Do you ever feel trapped? Does it ever seem like there’s no way of escaping your current surroundings and environment? It’s so easy to get caught up in your usual surroundings. When you’re stressed, it can be hard to imagine that anything else exists outside of your bubble where all of the things that are triggering your anxiety are occurring. In this post, I’ll discuss the importance of making a change in your surroundings, specifically in regards to connecting with nature, and my opinion of the mental health benefits.
After spending 4 years of undergraduate college at Stockton College in the beautiful Jersey Pine Barrens I wanted nothing more than to move to a big city. I moved to Philadelphia with my friends in 2008. Early on I was madly in love with the city. I’m fairly extroverted. The energy of having more than 2 million people living their lives in the same small area made me feel really grounded. As I’m creeping towards my 10 year mark in the city, the honeymoon period has worn off. I love my city but all the crime, noise, trash, and lack of green spaces has started to take it’s toll.
The Connection Between Personality Type and Environment
I’ve discovered while working as a therapist that I’m certainly not the only one who feels this urban fatigue. Countless people I’ve spoken to have asserted similar feelings regarding the stress caused from living in major cities. The tricky part is that you get so used to the stressors in the environment, you can forget that they themselves are even contributors to your stress levels. I’ve found it’s even harder to recognize this if you were born and raised in a major city and have never lived anywhere else.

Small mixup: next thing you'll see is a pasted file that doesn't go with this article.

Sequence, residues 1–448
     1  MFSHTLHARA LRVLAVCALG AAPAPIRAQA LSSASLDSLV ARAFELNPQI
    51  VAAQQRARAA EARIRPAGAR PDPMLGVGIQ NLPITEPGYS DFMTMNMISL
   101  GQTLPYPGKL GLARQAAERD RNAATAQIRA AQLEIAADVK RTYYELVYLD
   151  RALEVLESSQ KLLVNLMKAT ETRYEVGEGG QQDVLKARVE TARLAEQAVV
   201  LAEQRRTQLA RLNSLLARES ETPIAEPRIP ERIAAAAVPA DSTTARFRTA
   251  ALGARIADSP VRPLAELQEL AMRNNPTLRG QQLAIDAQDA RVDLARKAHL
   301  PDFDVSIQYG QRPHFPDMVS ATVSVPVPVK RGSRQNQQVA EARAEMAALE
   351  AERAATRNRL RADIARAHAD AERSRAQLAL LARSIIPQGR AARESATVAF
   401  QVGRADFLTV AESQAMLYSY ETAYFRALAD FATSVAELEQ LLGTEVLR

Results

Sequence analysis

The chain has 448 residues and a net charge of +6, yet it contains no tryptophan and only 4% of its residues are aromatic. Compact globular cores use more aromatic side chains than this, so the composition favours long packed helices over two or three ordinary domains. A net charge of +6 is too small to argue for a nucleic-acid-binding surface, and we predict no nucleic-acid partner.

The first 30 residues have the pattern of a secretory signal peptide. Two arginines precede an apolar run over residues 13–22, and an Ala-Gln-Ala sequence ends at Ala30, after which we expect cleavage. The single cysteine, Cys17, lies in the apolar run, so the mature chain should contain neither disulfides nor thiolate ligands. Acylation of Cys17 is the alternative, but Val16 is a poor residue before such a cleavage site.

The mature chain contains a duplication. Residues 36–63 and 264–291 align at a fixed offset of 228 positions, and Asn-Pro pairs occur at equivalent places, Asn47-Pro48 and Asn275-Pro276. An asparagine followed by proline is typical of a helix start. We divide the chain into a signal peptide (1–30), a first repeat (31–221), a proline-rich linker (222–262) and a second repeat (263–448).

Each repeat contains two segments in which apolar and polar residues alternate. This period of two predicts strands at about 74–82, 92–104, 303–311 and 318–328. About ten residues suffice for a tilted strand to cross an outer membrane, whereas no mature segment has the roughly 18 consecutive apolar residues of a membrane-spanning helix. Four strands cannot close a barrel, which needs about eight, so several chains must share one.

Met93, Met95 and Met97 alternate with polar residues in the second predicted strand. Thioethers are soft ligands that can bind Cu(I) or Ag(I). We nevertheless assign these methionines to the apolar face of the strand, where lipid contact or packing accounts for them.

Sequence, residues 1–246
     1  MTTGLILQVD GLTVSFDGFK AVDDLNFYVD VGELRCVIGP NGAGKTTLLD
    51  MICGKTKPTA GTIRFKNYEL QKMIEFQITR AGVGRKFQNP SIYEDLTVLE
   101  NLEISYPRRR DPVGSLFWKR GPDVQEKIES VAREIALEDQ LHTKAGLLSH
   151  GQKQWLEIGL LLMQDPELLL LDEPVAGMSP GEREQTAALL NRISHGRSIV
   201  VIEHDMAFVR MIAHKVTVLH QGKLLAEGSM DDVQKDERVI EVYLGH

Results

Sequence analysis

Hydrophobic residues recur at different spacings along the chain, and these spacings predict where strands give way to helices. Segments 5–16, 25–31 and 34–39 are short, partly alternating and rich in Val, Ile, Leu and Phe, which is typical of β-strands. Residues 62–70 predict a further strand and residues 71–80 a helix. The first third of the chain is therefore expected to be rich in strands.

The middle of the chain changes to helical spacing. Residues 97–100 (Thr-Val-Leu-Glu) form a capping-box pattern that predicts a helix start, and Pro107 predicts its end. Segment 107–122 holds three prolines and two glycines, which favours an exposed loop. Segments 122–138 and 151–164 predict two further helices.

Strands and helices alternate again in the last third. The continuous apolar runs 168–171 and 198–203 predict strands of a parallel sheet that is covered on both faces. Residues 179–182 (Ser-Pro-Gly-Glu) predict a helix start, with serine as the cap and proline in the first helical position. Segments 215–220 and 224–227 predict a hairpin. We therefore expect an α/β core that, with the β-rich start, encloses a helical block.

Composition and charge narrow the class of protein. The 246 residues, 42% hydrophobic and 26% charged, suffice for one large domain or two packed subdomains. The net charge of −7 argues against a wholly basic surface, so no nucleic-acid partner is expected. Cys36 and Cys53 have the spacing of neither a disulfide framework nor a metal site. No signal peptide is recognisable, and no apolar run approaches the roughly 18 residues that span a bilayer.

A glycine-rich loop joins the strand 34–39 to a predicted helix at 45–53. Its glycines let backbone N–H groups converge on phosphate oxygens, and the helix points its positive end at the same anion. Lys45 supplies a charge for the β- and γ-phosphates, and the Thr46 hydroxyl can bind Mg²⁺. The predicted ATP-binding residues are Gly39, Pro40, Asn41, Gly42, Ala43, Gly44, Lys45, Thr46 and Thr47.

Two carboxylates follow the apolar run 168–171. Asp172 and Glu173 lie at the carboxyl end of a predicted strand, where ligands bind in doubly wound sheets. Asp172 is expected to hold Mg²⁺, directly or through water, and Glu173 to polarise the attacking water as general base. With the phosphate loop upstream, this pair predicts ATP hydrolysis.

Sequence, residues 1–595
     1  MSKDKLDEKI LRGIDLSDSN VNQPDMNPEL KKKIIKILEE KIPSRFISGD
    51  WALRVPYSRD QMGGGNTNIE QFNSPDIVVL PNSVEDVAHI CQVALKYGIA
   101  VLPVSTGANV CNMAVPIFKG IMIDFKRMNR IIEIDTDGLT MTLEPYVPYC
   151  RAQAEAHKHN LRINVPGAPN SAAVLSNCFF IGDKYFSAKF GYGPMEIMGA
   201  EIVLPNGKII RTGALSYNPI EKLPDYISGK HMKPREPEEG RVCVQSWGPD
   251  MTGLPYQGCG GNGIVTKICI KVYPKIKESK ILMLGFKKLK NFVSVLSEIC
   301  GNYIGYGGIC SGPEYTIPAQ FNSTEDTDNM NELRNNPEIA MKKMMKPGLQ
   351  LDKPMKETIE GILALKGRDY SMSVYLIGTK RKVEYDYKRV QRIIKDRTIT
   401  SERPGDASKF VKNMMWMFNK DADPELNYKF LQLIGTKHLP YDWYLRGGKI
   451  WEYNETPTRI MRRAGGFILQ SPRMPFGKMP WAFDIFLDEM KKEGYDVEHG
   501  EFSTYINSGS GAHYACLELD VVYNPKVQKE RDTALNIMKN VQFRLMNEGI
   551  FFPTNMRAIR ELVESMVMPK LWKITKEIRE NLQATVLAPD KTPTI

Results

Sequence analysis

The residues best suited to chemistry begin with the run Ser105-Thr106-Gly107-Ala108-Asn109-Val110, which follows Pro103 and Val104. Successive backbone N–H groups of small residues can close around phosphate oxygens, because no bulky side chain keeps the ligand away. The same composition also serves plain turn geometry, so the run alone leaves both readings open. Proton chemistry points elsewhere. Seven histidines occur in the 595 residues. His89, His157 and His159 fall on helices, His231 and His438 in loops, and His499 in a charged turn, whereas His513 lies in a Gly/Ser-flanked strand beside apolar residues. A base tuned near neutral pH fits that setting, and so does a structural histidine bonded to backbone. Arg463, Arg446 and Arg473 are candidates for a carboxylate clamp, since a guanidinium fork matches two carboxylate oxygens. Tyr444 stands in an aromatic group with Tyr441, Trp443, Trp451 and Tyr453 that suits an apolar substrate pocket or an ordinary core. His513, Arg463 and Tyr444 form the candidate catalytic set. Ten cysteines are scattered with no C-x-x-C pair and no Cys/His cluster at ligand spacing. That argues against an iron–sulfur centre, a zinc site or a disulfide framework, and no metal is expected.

You might already be aware of some of the basics when it comes to our understanding of extroverts and introverts. In case you’re not, in a nutshell, extroverts (such as myself) feel an increasing need to socialize and be around others. This is how we recharge our batteries. Introverts tend to require more alone to relax and reflect in order to recharge their batteries. An important consideration that most people ignore is that almost every single person exists somewhere on a spectrum between extroversion and introversion. Being on this spectrum means that even extroverts absolutely need some alone time. Conversely, all introverts absolutely need some time to socialize and spend time around others. On the same line of thought, I believe that whether you are a city, suburb, country, mountain, beach, etc. person you need to occasionally change your surroundings.
Get Out the Tents!
Whether it be in therapy or on this blog, I always try my best to practice what I preach. Over the last few years I’ve been lucky enough to have an amazing group of friends who often organize camping trips and outdoor activities. Aside from all the benefits I’ll discuss in the next section, these types of trips have been the perfect fit for my wife and I. I say that first and foremost because we don’t have the money to take luxurious trips and stay in fancy hotels (and even not so fancy ones half the time).
Camping requires very little money compared to other trips as renting a camp site for a night or two is generally a very small fraction of the cost of staying in even a cheap motel. Once you’ve invested a little bit of money in good camping gear, so long as you take care of it, you’ll have to spend very little money for years while going on your camping trips.